This week's topic is not about the fish, but the tackle anglers use to catch them. Most anglers often have more tackle and lures than needed. As the saying goes: "pretty lures catch the fishermen, not the fish." Creating a simple arsenal of tackle and lures might just help you catch more fish.
Choosing the right tackle is crucial. Make sure to go with a quality rig that will last. Matching the right combo to the fish will also make for a better fishing experience. I always have 2-3 light combos rigged with 10-15 pound braid for species like trout, reds, and mackerel. I bring at least 3 so I can have a top water, jig, or a live bait rig all ready to go and all I need to do is just grab the rig I need.
Two MED/HVY rigs lined with 30-40 pound braid for species like cobia, shark, and tarpon are another must. I set one up with a 1/4 ounce jig and a 5 inch jerk bait ready to throw to a passing tarpon or cobia. The other is set up for live bait. One more heavy set up is not a bad idea. A 60 series reel with 50-60 pound braid might be needed for big sharks or those monster tarpon.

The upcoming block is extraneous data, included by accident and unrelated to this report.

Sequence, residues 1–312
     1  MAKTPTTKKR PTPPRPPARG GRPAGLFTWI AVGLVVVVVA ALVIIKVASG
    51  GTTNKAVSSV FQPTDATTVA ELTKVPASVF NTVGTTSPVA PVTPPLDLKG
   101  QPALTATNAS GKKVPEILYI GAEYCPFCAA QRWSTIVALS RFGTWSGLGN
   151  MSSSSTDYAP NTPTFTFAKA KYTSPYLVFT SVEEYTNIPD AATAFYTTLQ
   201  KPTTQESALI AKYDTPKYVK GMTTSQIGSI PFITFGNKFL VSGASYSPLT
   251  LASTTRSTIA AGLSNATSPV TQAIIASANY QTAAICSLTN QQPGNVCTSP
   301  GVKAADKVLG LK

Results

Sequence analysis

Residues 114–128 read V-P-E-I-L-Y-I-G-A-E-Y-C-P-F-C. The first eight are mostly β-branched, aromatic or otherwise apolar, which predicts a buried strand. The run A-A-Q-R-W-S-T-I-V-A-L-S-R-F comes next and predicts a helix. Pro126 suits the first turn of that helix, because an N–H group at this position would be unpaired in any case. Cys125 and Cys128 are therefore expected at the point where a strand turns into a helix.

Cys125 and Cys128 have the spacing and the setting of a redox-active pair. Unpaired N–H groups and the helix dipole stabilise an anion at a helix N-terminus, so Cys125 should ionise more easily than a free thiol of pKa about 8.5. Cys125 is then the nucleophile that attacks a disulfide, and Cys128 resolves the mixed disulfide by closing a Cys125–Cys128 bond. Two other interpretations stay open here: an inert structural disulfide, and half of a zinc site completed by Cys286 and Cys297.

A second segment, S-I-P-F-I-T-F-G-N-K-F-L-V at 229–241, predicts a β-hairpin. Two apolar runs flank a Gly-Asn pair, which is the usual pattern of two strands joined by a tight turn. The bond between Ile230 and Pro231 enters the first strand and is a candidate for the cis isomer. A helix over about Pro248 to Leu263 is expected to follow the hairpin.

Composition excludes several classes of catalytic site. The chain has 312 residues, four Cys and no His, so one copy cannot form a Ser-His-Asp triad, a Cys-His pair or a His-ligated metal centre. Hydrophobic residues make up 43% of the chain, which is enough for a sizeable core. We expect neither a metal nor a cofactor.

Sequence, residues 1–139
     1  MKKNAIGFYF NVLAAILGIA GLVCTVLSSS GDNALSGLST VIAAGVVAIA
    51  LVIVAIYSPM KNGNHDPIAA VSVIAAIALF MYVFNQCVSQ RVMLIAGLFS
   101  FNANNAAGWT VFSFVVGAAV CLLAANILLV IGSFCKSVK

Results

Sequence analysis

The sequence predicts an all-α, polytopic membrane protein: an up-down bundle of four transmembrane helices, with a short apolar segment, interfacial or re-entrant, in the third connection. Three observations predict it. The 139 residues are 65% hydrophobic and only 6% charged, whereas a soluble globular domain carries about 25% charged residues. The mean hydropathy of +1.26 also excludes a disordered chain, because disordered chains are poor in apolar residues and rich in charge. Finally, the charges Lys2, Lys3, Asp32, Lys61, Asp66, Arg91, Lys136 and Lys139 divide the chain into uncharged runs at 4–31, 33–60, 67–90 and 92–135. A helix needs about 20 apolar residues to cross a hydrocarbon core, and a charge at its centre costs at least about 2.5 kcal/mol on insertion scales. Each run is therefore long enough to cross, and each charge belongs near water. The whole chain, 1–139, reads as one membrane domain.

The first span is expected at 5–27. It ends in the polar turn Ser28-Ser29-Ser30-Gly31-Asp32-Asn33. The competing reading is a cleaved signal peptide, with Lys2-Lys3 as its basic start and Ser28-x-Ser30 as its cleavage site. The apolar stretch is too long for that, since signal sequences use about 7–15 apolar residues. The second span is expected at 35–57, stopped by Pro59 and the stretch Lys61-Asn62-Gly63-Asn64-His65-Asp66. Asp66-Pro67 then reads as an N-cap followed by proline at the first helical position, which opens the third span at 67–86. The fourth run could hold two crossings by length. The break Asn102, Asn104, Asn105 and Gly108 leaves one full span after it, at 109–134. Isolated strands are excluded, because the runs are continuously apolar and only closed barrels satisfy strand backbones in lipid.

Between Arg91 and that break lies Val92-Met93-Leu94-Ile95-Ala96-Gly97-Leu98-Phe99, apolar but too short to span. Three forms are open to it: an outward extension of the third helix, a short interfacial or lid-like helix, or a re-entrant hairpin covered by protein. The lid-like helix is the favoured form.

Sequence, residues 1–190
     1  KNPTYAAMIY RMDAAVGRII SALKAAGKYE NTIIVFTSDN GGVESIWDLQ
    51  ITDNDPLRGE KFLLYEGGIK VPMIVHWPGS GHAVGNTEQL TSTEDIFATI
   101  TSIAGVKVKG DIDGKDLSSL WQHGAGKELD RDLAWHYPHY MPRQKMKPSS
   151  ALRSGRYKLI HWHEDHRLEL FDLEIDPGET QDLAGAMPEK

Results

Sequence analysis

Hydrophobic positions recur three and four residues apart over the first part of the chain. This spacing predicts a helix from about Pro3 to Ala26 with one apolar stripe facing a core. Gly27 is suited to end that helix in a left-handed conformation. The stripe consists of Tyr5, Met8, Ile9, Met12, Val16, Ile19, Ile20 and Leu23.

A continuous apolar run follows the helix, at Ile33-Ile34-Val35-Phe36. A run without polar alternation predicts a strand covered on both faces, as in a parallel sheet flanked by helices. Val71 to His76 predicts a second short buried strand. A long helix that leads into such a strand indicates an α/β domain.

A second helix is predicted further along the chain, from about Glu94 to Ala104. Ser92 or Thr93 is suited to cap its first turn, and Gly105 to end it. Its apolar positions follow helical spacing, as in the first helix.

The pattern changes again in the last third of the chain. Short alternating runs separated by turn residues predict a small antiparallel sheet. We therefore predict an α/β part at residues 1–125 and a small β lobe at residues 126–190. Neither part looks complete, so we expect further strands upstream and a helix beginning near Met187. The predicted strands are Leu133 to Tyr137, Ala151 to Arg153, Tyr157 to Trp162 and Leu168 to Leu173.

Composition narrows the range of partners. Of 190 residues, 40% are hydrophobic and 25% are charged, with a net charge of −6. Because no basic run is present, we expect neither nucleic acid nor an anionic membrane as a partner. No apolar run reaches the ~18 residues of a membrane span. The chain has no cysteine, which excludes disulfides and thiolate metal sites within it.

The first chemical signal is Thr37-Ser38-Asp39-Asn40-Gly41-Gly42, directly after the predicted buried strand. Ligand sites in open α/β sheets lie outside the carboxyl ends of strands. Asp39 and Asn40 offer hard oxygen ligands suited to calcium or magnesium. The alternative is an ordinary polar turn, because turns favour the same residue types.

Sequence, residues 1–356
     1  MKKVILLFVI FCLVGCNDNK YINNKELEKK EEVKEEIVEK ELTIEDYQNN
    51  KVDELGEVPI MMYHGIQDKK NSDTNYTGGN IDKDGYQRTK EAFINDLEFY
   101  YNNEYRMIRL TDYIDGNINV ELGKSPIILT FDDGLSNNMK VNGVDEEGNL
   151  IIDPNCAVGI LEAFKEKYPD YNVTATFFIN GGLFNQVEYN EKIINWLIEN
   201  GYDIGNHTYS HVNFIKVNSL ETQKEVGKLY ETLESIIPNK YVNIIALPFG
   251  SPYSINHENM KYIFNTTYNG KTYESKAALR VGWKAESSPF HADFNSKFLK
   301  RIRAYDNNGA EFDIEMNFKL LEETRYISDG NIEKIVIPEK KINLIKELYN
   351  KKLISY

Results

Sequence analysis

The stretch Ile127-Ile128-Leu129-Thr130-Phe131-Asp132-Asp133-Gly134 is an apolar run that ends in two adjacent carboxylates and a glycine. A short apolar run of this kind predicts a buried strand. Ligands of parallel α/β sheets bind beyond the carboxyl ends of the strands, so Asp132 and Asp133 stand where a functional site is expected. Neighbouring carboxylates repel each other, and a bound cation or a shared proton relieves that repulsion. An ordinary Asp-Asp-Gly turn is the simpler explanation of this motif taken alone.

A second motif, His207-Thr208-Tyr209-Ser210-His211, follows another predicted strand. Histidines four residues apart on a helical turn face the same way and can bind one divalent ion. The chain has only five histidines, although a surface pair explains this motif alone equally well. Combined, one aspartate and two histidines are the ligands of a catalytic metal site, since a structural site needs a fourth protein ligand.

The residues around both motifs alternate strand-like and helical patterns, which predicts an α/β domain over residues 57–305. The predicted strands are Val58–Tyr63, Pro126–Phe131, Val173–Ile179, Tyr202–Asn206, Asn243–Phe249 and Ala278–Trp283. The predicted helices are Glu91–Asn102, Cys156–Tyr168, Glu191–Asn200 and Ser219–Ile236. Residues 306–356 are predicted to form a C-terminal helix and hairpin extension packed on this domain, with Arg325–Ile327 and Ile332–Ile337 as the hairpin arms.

Now lets look to the tackle box. I prefer a hard box with removable compartments to organize my assortment of hooks, lures, leaders, weights and more. When setting up your box, go with the less is more theory. Bring your go-to lures and plenty of reserves. If there are lures that have been sitting in the box since last year, it may be time to remove them. I stow a secondary tackle box with many of those lures I don't use a lot, but when I need them they are there.
I use Gulp 3 inch shrimp in white and new penny on most trips. The juice that the Gulp soak in really bring the bite. This juice will stink up a tackle box also. To prevent this I mix all the colors (and juice) in a Tupperware with a sealed lid to save space and keep them from spilling. Store the container in your live well or in the fridge between trips.
Keeping things simple and organized will often put more fish in the boat. Five to six quality combos will not only let you target all the flats have to offer, but they will hold up over time.
Good luck out there and tight lines!
Capt. Keith Tomlinson runs Bulldog Fishin Chartes out of Hernando Beach. Reach him at www.bulldogfishin.com or (352) 238-3581.